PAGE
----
Plastic Waste Cleared From Backwaters In Southern India

Visual of the drive carried by Karnataka forest officials (Photo/ANI)

MYSURU, India — To protect the environment and conserve forests, forest department staff and residents cleared two tonnes of plastic waste from the Kabini Backwaters in the southwestern Indian state of Karnataka near Mysuru. 

“During this drive, we found heaps of medical waste, garbage, plastic, and used shoes,” said S.P. Mahadev, Assistant Conservator Forest.

“This waste collection drive was carried out for the second time this year by the forest officials along with local resort owners and villagers.” 

“Plastic waste poses a threat to the wild animals in these backwaters. Kabini Dam, near the town of Heggadadevanakote or H.D.Kote, is witnessing heavy inflow after the rains in areas like Wayanad in Kerala. The plastic was collected from the Udhpur anti-poaching camp to the Mastigudi Sunset Point of the Kabini Backwaters, which is a six-kilometer (four-mile) stretch,” said Mahadev. 

“The plastic waste is creating problems for animals as well as the natural resources of the forest.” 

Earlier on June 22, Mysore City Corporation, Namma Mysore Foundation, and locals decided to start a clean-up drive and recycle plastic found in the backwaters to make furniture.

The Kabini Backwaters in Karnataka are famous for the forest safari conducted by the Karnataka forest department along the Kabini river. The Department offers tourists two types of safaris: car safaris and boat safaris.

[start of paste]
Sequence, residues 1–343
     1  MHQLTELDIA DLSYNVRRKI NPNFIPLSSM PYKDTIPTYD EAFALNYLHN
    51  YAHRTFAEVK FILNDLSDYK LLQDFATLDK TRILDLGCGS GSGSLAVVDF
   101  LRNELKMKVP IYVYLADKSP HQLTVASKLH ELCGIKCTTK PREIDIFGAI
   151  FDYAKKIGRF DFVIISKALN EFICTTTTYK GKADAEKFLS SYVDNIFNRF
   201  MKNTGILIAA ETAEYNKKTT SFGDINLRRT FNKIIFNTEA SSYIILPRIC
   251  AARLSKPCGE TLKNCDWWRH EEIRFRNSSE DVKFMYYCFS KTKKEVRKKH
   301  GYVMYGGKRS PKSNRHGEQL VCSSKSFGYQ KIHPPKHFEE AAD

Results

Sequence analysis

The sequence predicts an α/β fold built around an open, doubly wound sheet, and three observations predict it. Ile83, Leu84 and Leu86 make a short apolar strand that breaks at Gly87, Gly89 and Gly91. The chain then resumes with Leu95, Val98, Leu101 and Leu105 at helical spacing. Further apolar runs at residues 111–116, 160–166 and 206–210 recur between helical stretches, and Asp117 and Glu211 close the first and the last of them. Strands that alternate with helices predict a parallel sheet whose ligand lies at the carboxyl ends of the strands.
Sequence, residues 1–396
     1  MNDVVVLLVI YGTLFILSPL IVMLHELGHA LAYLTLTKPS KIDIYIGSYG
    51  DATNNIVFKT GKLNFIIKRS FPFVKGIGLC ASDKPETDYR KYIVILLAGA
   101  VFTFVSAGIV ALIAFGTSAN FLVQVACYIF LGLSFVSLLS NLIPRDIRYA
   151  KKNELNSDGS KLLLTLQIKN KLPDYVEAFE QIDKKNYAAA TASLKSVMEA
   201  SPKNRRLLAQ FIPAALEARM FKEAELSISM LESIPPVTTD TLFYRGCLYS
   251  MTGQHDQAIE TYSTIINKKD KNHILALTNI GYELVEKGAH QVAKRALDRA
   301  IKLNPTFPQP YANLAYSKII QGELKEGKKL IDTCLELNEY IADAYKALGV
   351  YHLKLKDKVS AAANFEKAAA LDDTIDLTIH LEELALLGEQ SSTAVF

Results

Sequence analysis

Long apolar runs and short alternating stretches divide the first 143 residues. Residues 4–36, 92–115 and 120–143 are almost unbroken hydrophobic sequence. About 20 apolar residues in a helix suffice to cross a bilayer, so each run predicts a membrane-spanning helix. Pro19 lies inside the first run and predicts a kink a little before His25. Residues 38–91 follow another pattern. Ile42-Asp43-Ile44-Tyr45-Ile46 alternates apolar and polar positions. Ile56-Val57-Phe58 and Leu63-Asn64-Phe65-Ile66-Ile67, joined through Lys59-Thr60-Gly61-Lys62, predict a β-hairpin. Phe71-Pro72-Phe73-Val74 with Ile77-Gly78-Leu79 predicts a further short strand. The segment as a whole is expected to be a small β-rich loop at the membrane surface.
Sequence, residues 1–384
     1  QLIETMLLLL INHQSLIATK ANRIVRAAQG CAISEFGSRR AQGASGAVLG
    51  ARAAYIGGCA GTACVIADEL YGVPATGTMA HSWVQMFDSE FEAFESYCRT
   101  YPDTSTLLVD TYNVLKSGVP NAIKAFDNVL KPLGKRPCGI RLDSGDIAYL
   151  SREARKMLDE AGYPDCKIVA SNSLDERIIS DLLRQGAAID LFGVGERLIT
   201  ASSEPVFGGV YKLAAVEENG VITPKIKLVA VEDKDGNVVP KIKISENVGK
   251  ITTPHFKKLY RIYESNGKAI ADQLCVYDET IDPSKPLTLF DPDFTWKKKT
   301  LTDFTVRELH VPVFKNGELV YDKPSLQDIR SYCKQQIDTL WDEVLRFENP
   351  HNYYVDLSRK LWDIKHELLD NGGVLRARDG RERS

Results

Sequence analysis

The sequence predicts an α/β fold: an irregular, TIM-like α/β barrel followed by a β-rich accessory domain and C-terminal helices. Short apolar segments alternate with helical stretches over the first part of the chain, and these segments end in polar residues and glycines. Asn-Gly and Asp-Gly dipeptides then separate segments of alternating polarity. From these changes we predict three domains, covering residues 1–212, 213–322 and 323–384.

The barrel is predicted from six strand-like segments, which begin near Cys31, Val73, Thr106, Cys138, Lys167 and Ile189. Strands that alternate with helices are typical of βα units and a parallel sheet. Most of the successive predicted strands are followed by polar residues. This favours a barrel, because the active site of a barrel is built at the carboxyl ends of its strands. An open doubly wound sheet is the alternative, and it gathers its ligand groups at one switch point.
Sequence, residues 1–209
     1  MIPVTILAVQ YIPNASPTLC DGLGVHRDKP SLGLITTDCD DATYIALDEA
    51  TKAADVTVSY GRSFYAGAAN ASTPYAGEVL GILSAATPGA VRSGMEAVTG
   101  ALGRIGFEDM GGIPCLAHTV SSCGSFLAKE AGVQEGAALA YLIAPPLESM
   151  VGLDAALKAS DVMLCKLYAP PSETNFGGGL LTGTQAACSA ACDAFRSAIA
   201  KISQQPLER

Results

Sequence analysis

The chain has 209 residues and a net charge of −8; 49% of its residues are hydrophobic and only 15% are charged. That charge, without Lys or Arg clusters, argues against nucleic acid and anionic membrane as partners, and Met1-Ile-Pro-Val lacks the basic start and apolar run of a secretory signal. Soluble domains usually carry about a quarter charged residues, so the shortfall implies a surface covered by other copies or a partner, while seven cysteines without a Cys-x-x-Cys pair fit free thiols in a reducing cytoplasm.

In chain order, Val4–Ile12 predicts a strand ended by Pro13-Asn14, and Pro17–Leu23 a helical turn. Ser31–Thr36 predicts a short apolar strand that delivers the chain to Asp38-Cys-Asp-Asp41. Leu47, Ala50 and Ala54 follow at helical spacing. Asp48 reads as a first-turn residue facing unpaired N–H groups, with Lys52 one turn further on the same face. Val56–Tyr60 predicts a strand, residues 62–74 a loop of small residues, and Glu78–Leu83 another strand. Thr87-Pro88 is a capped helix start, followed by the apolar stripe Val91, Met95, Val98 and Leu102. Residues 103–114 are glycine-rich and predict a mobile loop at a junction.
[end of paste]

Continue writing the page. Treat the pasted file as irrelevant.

Some of the wildlife that guests may see are elephants, cormorants, cranes, darters, crocodiles, and snakes. The boat safari lasts for about 90 minutes. 

The Kabini dam is located on the Kabini River in the Mysore district. The dam, which was erected in 1974, is 696 meters long with a catchment area of 2141.90 square kilometers. The dam covers 55 hectares of land, including woods, rivers, lakes, and valleys. 

The lush forests around the dam are home to various birds, making it an ideal spot for bird viewing and nature lovers. During the Colonial era, this area was a famous hunting ground for the Maharajas and officers of the British Raj.

The dam is now a key source of water for the Karnataka government, allowing it to supply ample amounts of water to over 20 villages and 14 hamlets across the state. 

The Karnataka government launched the dam project to strengthen and stabilize the region’s electric power supply.

The scenic setting of Kabini dam can be reached by road from Mysore via Mananthavadi road in about an hour and a half. It is well-connected to the nearby city of Bengaluru.

(With inputs from ANI)

(Edited by Anindita Ghosh and Ojaswin Kathuria. Map by Urvashi Makwana)



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